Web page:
It didn't take long for Williams to find himself on the receiving end of the usual barrage of epithets applied to black figures who stray from the party line. During interviews to discuss his book, Williams described receiving a torrent of angry e-mails calling him an "Uncle Tom," "Oreo" (as in black on the outside, white on the inside) and worse. In other words, Williams was accused of not being a "real" black man. Were such accusations to come from outside the black community they would certainly be considered racist. But for some reason, the assumption that all blacks must think alike has become accepted by the African American establishment.

Conservatives, on the other hand, both black and otherwise, embraced Williams as one of their own. Having long espoused many of the same ideas, conservatives found in Williams' book both a pleasant surprise and a confirmation of their own political philosophies. All of a sudden, Williams was making the rounds on conservative talk-radio shows and book sales were growing.

But Williams is certainly no conservative. He's a registered Democrat and a columnist for the Washington Post and a senior correspondent for National Public Radio, neither of which are known for being particularly right-wing. In addition, Williams is one of the liberal-to-moderate contributors in the Fox News stable of political analysts. But on this particular issue, he seems to have bridged the political divide. While black conservatives had been saying largely the same thing for many years, it took someone of Williams' mainstream stature to bring it to the fore.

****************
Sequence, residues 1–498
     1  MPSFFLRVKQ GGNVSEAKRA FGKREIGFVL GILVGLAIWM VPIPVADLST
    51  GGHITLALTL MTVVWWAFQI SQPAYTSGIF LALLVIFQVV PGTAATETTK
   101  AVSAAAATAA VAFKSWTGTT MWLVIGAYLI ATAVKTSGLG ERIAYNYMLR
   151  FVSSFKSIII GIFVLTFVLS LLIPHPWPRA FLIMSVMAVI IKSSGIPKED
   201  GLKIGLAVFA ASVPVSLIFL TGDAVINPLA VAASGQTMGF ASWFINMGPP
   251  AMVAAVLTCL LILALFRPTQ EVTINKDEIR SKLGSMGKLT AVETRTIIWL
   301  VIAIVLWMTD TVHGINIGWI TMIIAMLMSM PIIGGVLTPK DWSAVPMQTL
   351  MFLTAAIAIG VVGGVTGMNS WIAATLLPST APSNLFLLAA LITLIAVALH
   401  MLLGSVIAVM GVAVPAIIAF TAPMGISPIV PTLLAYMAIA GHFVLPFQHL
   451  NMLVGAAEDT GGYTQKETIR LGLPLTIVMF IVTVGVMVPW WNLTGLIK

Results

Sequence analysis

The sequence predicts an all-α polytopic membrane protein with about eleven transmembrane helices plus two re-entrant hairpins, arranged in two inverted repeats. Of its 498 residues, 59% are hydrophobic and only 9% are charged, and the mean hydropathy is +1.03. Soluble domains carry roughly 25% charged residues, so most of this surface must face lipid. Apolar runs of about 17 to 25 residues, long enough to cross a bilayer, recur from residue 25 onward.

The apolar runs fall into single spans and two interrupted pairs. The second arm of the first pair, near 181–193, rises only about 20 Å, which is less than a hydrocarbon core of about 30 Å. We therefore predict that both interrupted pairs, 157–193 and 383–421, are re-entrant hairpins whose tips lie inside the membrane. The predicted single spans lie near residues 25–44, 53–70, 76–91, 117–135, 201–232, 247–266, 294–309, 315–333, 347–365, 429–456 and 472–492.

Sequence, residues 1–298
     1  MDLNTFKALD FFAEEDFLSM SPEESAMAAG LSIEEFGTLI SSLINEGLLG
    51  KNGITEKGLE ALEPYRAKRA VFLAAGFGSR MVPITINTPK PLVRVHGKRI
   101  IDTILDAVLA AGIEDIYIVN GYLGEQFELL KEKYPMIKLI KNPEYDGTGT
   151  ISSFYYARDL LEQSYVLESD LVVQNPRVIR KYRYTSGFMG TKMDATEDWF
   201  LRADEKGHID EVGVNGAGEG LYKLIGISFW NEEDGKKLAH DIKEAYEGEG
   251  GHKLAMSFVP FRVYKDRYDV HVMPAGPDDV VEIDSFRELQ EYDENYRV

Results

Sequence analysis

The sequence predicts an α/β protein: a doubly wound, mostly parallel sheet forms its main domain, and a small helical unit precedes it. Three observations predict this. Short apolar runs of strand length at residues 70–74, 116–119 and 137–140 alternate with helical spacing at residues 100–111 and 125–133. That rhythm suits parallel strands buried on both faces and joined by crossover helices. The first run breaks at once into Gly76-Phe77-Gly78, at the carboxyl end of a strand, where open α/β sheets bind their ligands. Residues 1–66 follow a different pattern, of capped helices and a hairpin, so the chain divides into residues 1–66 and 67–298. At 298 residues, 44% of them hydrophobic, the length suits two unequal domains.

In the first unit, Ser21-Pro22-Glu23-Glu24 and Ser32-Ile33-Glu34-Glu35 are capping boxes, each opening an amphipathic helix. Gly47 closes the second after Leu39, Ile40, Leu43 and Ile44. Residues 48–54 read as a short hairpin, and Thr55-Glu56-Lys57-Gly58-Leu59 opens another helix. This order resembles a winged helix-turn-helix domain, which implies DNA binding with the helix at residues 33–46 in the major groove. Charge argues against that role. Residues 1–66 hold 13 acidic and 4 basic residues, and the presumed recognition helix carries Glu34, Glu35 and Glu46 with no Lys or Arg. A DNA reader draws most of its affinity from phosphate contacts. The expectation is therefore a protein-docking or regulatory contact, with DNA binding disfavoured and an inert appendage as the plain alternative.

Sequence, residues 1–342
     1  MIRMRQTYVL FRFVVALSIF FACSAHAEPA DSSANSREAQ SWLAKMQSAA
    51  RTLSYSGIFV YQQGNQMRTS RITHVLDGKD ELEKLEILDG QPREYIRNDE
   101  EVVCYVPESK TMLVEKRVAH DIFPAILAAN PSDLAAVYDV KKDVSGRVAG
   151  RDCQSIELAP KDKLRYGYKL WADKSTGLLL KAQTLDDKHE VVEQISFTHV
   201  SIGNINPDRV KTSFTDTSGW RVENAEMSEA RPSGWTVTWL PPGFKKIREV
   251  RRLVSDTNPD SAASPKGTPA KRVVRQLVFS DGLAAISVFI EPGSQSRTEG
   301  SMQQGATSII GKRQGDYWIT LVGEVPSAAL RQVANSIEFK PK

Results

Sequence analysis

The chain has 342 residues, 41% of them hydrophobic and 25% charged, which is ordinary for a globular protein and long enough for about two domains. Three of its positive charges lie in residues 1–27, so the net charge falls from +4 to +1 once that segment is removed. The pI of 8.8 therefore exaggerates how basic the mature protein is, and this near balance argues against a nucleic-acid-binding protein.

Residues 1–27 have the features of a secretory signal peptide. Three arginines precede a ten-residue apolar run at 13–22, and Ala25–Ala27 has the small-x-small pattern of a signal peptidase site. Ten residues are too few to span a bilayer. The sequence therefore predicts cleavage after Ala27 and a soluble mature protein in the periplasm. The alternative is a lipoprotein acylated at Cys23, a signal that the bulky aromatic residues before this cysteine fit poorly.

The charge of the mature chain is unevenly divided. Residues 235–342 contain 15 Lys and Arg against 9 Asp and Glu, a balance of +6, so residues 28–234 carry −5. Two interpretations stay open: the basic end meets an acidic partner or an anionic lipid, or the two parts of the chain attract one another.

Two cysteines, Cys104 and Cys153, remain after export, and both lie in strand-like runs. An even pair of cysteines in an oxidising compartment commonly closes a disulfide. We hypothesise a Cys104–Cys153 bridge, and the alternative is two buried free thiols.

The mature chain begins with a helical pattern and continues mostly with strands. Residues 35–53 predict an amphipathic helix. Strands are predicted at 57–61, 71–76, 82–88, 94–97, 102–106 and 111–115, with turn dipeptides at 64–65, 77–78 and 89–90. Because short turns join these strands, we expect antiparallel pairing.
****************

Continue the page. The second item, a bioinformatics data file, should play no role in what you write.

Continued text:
Sound familiar?

Read the rest here.

(And yes, I did praise then-Senator Barack Obama in the column for, seemingly, bucking the trend of black victimhood in his keynote address to the 2004 Democratic National Convention. In light of what we know today, his sincerity is debatable.)

Update (10/29): Speaking of deja vu, Investigative Project on Terrorism founder Steven Emerson recounts his experience being blacklisted by NPR for the "crime" of addressing radical Islam and therefore, offending its apologists: "Juan, I Know Just How You Feel."

Monday, October 18, 2010

Beshara Doumani and the 'Ironies of Palestinian History'

In an article written for Campus Watch and posted today at Frontpage Magazine, Jonathan Gelbart reports on a recent lecture at Stanford University:
UC Berkeley history professor Beshara Doumani came to Stanford University on September 29, 2010, to give a lecture sponsored by the Abbasi Program in Islamic Studies titled, "The Iron Law and Ironies of Palestinian History." He was introduced by notorious Stanford University history professor Joel Beinin, who managed to insert his repeated, and unfounded, claim that academic freedom in the post-9/11 era is "very much still in jeopardy." Beinin, quoting from Doumani's faculty bio, noted that he specializes in "recovering the history of social groups, places and time periods that have been silenced or erased by conventional scholarship on the modern Middle East." This seemingly innocuous description belied a very specific, partisan subtext.

Continue reading "Beshara Doumani and the 'Ironies of Palestinian History'"